Whilst living a more bohemian life than AR, Pancham worked a slightly more conventional 12 hour day from 9am to 9pm in recording studios and in the pre-synthesizer era, he would be surrounded during these twelve hours by an army of musicians, most of whom worked with him for several decades. However, his musical ear was so finely honed that as soon a rehearsal began, even with a 100 piece orchestra, he could spot that, say, the sixth violin in the third row was out of tune.

  • Collaborators supreme: In a competitive high stakes commercially charged environment, the ability to win the trust of a diverse group of stakeholders is as important as one’s innate talent. Both music composers befriended and collaborated with a wide variety of people, an essential skill if one is to succeed in the cut throat movie markets of Mumbai and Chennai. Pancham’s deep friendship with  singers (Kishore Kumar, Lata Mangeshkar Asha Bhonsle), with lyricists (Gulzar, Gulshan Bawra, Javed Akhtar), with film stars (Shammi Kapoor, Mehmood, Rajesh Khanna, Amitabh Bachchan) and with directors (Shakti Samanta, Nasir Hussain, Ramesh Sippy, Hrishikesh Mukherjee) placed him firmly at the centre of the Bollywood movie market of the 1970s. Similarly, AR’s longstanding friendships with a diverse group of cutting edge directors like Mani Ratnam, Imtiaz Ali, Danny Boyle, Rakeysh Omprakash Mehra, Shekhar Kapur and Ashutosh Gowariker has meant that he gets the latitude to give full vent to his limitless creativity.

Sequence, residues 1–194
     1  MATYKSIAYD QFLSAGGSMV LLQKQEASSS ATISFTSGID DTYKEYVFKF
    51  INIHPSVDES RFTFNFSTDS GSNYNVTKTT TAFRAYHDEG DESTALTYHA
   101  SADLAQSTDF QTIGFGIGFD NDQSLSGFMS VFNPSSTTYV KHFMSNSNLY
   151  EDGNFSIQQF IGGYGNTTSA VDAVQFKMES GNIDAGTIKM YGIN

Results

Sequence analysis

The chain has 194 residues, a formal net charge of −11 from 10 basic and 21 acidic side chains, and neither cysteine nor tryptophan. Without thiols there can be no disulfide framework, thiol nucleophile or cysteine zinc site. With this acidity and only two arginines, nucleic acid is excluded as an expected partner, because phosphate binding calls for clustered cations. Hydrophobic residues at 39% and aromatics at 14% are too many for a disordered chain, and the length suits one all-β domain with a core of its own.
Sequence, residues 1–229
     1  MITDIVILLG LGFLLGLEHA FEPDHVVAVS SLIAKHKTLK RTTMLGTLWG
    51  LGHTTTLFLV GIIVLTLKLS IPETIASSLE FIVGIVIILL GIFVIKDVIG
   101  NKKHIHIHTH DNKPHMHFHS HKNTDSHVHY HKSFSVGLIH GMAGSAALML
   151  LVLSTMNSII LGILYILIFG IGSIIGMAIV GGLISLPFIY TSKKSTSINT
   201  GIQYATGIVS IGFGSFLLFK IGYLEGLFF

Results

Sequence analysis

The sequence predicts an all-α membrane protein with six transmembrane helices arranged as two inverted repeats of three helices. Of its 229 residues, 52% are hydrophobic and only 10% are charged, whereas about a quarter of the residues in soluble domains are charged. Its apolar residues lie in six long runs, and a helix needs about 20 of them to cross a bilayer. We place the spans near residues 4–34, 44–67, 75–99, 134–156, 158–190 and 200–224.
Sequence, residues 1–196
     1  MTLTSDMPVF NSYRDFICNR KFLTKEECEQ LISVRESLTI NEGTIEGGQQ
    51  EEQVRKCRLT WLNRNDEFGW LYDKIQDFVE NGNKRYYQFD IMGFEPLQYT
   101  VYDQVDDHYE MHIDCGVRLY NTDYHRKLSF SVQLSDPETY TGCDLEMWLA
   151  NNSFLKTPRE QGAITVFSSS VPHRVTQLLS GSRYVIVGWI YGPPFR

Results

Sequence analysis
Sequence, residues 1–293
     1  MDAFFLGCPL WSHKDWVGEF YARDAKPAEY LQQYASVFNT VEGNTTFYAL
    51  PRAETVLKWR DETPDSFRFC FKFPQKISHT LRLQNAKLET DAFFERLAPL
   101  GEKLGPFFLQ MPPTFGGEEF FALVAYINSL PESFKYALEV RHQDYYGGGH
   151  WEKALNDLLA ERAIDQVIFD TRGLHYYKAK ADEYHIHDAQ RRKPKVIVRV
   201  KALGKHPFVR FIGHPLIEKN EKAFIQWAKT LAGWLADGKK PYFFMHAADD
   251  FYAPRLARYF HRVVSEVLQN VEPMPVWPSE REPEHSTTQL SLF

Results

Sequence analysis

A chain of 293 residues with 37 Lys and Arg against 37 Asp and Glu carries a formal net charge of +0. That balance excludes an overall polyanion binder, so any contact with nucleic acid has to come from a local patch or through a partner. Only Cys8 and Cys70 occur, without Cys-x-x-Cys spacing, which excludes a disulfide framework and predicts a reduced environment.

Investment implications
If we do what everybody else does, if we read the same books that everybody else does, move around in the same social circles as everybody else and receive the same ‘elite education’ as everybody else, you can guess what will happen to us.

If, on the other hand, through a combination of luck, circumstance and hard work, we can take our minds down pathways that others haven’t explored, if we can take the road less travelled, then not only will life be more interesting, we might even achieve results that nobody had ever believed was possible.

On the first anniversary of Marcellus Investment Managers managing money, we thank our 1100 clients, our friends across the world and our families for their support. Over the past year, we have had the time of our lives in building this firm which now consists of nearly 30 people spread between Mumbai & Delhi. You can see here how we have done in our first 12 months of managing money in India: https://marcellus.in/newsletter/are-consistent-compounders-too-big-to-grow/. And you can also listen here to this iPhone X advert from the United States which uses during its entire length the theme music Pancham created in 1980 for the film ‘The Burning Train’: https://www.youtube.com/watch?v=HMS1csJSCbc